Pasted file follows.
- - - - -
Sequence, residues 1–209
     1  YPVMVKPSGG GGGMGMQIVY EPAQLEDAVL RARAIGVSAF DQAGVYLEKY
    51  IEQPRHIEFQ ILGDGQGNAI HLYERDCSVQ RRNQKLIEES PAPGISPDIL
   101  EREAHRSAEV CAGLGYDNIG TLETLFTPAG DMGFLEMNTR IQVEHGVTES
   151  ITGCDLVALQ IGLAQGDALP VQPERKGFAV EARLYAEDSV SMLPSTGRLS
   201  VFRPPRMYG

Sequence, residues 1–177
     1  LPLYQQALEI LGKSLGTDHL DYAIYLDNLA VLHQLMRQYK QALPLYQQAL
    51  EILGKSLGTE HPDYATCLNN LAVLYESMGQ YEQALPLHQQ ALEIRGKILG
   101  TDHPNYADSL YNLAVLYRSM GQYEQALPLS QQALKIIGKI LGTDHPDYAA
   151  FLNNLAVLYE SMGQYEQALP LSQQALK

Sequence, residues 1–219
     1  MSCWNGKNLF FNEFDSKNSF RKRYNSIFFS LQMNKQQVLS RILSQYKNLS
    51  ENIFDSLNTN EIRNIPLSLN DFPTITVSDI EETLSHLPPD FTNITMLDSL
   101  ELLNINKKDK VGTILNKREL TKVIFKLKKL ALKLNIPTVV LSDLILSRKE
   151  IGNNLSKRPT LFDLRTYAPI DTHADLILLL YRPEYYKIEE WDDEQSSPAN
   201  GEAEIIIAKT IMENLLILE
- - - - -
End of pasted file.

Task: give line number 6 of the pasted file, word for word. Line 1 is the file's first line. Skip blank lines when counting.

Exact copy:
   201  VFRPPRMYG